by Erica Goss
An immense sound, between a roar and a hiss, seems to come from all around. Being near so much water, thousands of gallons per second plunging from the edge of a cliff, makes me dizzy. The waterfall’s presence is wild, anarchic: a million faucets turned on full blast.
I haven’t seen a waterfall in years—years in which life delivered a series of blows in quick succession: my father was found dead after having gone missing near the Olympic National Forest, my husband was laid off from his job, our son was diagnosed with a serious mental illness, and my mother-in-law died from Alzheimer’s and cancer. I had no preparation, no guidance, and no plan for those days—days that shook what little faith I had had. Reeling from crisis to crisis, I prayed a lot during those years, even though I’m not in any way religious. Desperate and unimaginative, my prayers always started with the word please. “Please help me get through this,” I said to no one in particular. “Please give me strength. Please.”
I did not grow up around waterfalls. I grew up in the deserts and near-deserts of Southern California: Yucca Valley, San Bernardino, and Los Angeles. In San Bernardino, our next-door neighbors were Pentecostal. Over the backyard fence, I often heard their voices in high-pitched glossolalia. Even though my family attended no church, I understood that the neighbors were praying.
Recently, in early autumn, I was having coffee with some people I’d just met from the East Coast, when one of them mentioned a nearby waterfall. “Have you seen this place?” he asked, peering at me over his café Americano. I shook my head, more than a little embarrassed. I’d lived in Eugene, Oregon, for over two years and had not yet visited a single one of the numerous nearby waterfalls. “Well!” he said. “You can walk behind the waterfall.”
The waterfall’s pure extravagance is almost too much for me to bear. So much water, so fast, so loud. My shoes slip on the wet path behind the waterfall as I stare at it, hard. My eyes pick out individual drops and follow them into the pool, which is so clear I can see moss-covered boulders far below the surface. For once, I don’t think about what I am about to do next. I simply stand, watching the giant curtain of water ripple in front of me.
A group of hikers passes me on the trail, glancing curiously over their shoulders. I must look ridiculous, head bobbing up and down as my eyes follow the drops from the top of the waterfall down to the pool and back. This is not the first time a waterfall has embarrassed me.
Even though I now live in water-rich Western Oregon, I’m still that kid from the desert. The anxiety of drought will never leave me. When I see people wasting water—someone leaving a faucet running while brushing their teeth, say—my throat constricts. I start praying, repeating “please” under my breath.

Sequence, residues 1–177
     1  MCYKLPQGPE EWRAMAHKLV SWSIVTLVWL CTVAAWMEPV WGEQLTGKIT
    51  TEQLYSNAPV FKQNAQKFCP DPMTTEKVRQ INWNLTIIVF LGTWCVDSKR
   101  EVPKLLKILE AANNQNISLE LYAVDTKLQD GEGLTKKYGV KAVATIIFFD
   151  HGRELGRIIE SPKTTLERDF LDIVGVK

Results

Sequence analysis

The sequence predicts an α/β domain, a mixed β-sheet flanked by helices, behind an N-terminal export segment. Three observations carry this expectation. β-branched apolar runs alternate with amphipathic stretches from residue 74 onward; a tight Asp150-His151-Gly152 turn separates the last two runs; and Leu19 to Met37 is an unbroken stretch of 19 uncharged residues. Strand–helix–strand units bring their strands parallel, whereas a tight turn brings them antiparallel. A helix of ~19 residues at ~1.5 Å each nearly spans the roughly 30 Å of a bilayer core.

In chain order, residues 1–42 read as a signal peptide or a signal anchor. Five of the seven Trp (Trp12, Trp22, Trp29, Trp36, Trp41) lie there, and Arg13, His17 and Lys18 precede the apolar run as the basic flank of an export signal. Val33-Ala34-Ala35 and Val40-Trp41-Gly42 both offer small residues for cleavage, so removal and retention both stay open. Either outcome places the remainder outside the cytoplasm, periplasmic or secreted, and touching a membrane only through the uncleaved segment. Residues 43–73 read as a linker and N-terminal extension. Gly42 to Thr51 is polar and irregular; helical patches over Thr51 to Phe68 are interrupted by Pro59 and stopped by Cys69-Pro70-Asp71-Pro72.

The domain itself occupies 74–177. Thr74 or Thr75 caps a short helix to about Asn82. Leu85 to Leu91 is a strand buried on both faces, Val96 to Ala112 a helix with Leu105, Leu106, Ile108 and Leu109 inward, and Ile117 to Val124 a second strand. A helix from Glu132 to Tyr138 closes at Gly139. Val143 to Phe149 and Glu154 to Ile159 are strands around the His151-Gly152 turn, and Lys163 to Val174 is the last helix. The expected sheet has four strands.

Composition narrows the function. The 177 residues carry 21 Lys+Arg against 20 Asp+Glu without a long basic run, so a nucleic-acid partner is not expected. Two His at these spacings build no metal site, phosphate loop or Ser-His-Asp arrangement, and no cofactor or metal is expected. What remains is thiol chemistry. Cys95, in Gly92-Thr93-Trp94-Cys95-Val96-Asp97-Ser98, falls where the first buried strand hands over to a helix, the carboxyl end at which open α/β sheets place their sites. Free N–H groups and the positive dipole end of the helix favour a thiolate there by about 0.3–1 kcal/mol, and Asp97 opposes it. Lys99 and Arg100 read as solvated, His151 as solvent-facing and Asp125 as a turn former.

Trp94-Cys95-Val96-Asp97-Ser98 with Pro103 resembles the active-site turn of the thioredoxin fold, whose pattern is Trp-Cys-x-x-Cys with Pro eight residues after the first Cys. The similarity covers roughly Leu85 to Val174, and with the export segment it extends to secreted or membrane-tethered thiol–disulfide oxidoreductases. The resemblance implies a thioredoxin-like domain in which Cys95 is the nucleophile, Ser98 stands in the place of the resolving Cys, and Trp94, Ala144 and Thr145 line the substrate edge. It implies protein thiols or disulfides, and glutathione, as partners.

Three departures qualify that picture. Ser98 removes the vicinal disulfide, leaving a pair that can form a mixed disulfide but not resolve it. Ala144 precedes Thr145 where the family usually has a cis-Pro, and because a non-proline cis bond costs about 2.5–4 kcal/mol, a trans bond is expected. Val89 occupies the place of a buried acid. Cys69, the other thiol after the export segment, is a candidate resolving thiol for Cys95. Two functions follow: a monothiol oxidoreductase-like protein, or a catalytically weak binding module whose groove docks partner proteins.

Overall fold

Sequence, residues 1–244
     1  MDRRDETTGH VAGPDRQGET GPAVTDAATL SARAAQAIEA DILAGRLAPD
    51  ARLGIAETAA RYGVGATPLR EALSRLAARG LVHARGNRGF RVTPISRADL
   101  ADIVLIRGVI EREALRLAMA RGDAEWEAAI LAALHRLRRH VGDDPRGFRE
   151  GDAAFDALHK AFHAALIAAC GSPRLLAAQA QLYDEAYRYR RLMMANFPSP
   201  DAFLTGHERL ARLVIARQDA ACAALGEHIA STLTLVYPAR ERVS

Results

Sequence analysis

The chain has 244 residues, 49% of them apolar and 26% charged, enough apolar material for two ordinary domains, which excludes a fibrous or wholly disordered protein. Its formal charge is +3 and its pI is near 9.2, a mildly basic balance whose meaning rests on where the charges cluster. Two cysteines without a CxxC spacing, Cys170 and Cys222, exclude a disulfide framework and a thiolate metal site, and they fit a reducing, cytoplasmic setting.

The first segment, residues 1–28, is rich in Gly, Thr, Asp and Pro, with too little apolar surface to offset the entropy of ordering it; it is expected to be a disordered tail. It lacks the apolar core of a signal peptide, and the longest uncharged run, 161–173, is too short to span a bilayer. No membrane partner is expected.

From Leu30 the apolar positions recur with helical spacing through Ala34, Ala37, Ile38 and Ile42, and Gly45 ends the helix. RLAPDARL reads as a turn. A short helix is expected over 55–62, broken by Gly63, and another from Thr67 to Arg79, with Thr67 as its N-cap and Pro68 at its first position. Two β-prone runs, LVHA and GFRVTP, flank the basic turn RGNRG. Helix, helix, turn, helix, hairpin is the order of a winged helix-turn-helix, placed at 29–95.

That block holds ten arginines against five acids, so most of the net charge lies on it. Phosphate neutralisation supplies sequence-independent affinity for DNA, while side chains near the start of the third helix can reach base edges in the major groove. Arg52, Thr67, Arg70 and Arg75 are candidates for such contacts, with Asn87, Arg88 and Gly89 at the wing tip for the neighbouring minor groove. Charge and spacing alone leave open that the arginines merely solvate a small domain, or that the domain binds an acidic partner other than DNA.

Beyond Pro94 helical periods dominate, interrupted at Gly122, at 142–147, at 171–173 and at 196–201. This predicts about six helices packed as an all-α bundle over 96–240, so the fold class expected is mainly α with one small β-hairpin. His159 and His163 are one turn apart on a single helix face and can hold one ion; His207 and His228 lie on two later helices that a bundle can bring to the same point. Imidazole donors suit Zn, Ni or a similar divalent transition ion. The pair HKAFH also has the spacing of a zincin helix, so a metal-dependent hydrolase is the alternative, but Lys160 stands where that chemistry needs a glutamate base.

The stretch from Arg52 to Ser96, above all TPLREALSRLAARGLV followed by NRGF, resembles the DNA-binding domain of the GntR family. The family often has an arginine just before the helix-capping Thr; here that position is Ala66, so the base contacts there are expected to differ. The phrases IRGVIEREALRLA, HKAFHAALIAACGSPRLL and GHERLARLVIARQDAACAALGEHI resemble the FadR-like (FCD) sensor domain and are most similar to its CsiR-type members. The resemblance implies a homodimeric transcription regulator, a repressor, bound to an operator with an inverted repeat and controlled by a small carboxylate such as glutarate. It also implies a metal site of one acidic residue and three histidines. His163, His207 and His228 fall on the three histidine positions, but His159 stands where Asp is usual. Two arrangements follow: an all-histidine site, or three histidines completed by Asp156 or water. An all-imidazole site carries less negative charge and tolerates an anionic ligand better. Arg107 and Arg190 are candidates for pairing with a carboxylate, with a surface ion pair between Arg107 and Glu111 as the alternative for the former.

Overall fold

My son stands next to me, gazing at the waterfall. Now in his late twenties and a survivor of those turbulent years, he is learning how to live independently as a person with a disability. He recently discovered the power of chant to help calm and focus his mind, and started chanting at a local church. After a few weeks, a small group of men joined him. The group thrives on spontaneity: no one signs up in advance, and there are no rehearsals. My son chooses passages from the Psalms, makes copies the night before, and hands them out to whomever shows up the next day.
Chant is not song or speech. It’s both and neither. It has no rhythm, key, or harmony. It possesses the power to calm anxiety, increase positive energy, and focus the mind. When I hear my son chanting at home, I stop what I’m doing and just listen.
A small, hardy group, the men who attend my son’s chanting sessions are well past middle age. They accept the copies of the Psalms he hands them, bow their heads, and wait for the opening note. Even though their voices waver, rarely achieving unison, they don’t seem in the least bit self-conscious. Something about chanting with other men allows them to open their hearts, to ask for help, to say please, in a way men usually don’t.
Chant notation is called “neumes.” The earliest notation, from the ninth century, shows neumes written without staff lines above Latin text. The notes seem to drizzle down the page like drops of water.
The hikers pass by again, this time from the opposite direction. As before, they stare at me. I wonder if I should pray to the waterfall as if it were a god, but all that comes to mind is the word that started so many of my other prayers: please.
I stop wondering what I should do and just listen.